For example, to learn web development you need to understand HTML and some CSS, how communication between browser and server works, a bit of JS, git, maybe GitHub, how to do a deployment, some basics of the browser, how to debug (web tools), how to use IDE. It’s already a lot. You don’t need design patterns, you don’t need class diagrams, you don’t need GraphQL, you don’t need hardcore functional programming. You may want to use framework instead of raw JS/DOM because those APIs are overcomplicated in my opinion, and frameworks can hide it to some extent.
Be aware of accidental complexity in tools
Not all technologies are created equal. Some technologies are created with beginners in mind, with all non-essential (accidental) complexity removed, with small clean APIs, with consistent conventions easy to learn, with good tutorials. And some rather focus on performance or the new hard problem or something else.
Sometimes there is some elements of accidental complexity in tools because when the tool firdt entered the field it had some weird bugs, and now it’s too late to change.
All APIs are created by humans, all humans do mistakes. So if you find something hard or confusing, there is a chance you are facing the accidental complexity of the tool.
For example, C.A.R Hoare calls his idea of null reference a billion-dollar mistake.
Don’t follow mantras
There is a bunch of “best” practices, programming mantras, design patterns, paradigms, principles, etc.
Never follow them blindly. Always ask the question: will this practice make my life easier or not. By adding some practice or tool you most likely will increase complexity, so you need to make sure you get something useful in return.
For example, TDD mantra: you should write tests first. And people who don’t do it feel bad. But remember that tests are not essential for your software, the only purpose of tests is to make it easier to do rapid changes to the software. If writing tests is super hard, for example, you don’t have stable public API, or you don’t have clear specs or specs changes overnight, there is no benefit of tests. You will spend more time writing tests then your code. But if you feel like you need manually test the same thing again and again, it’s probably would make sense to spend some time on tests, if you are not alone on the project tests can be useful as well.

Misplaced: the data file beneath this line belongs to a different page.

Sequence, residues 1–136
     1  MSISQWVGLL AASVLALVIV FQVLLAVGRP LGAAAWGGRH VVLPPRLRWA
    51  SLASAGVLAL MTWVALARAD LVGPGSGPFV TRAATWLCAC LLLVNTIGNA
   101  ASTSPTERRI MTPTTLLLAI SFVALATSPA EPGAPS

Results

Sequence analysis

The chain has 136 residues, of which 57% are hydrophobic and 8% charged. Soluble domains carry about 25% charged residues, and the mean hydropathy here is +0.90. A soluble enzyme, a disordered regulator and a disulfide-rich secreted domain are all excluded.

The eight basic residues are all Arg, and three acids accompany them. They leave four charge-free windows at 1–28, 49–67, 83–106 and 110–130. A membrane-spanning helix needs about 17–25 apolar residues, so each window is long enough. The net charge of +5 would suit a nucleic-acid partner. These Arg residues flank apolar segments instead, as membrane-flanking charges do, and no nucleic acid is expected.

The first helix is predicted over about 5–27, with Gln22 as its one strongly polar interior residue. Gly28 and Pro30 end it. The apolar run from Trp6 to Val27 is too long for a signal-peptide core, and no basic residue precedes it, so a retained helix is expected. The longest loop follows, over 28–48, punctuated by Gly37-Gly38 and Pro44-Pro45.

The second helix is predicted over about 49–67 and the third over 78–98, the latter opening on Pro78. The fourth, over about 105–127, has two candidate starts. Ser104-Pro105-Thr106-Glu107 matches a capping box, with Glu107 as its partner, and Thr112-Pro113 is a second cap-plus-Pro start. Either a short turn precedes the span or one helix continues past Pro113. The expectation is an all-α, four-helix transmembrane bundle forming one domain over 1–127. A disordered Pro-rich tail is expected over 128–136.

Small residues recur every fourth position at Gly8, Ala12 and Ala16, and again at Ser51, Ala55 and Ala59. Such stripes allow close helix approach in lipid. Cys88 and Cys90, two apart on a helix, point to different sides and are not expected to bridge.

Or Don’t Repeat Yourself (DRY) mantra. People try to write more dense code, but they introduce some hard to understand entities, or functions, or classes, to remove all repetition. Does it make their life easier? Not at all, they have confusing code. A bit of copy-paste won’t kill your code. If you feel like I copy pasting same code 3 or more times, and you have a good name then maybe extract it. Apply DRY in moderation.
Don’t listen to smarties
Don’t be fulled by overconfident tone. People under Dunning-Kruger effect may sound very confident. If somebody advocates technology and names only pros, but not cons it means that they haven’t used it long enough stumble upon tradeoffs. There are always tradeoffs (I haven’t seen anything ideal).
Don’t be impressed with jargon and terminology. People who want to help you and know what they talk about would use the least possible terminology and would be able to explain the terminology they use. If they can’t explain they don’t know what they’re talking about. Or they want to feel better than you because they know “smart” words. Either way, don’t waste your time here.
Don’t get distracted
You can get distracted by unimportant things, for example, which IDE to choose, or which plugins use, or which font. Who cares? Chose something that works and learn what you want to learn. Tooling is important, but if you spent 4 hours configuring your ideal IDE and only 1 on actual learning - something is wrong here.
Don’t pay attention to gatekeepers
There will be people who will say that for example, technology A is shit and you should not use it ever, or that you should follow some mantra, or that that CSS is not programming language (implying that you are not real programmer because you use it). Don’t listen to them.
Gatekeepers don’t want good for you. They aren’t here to spread the truth or ultimate knowledge. They do it only for the sake of gatekeeping itself.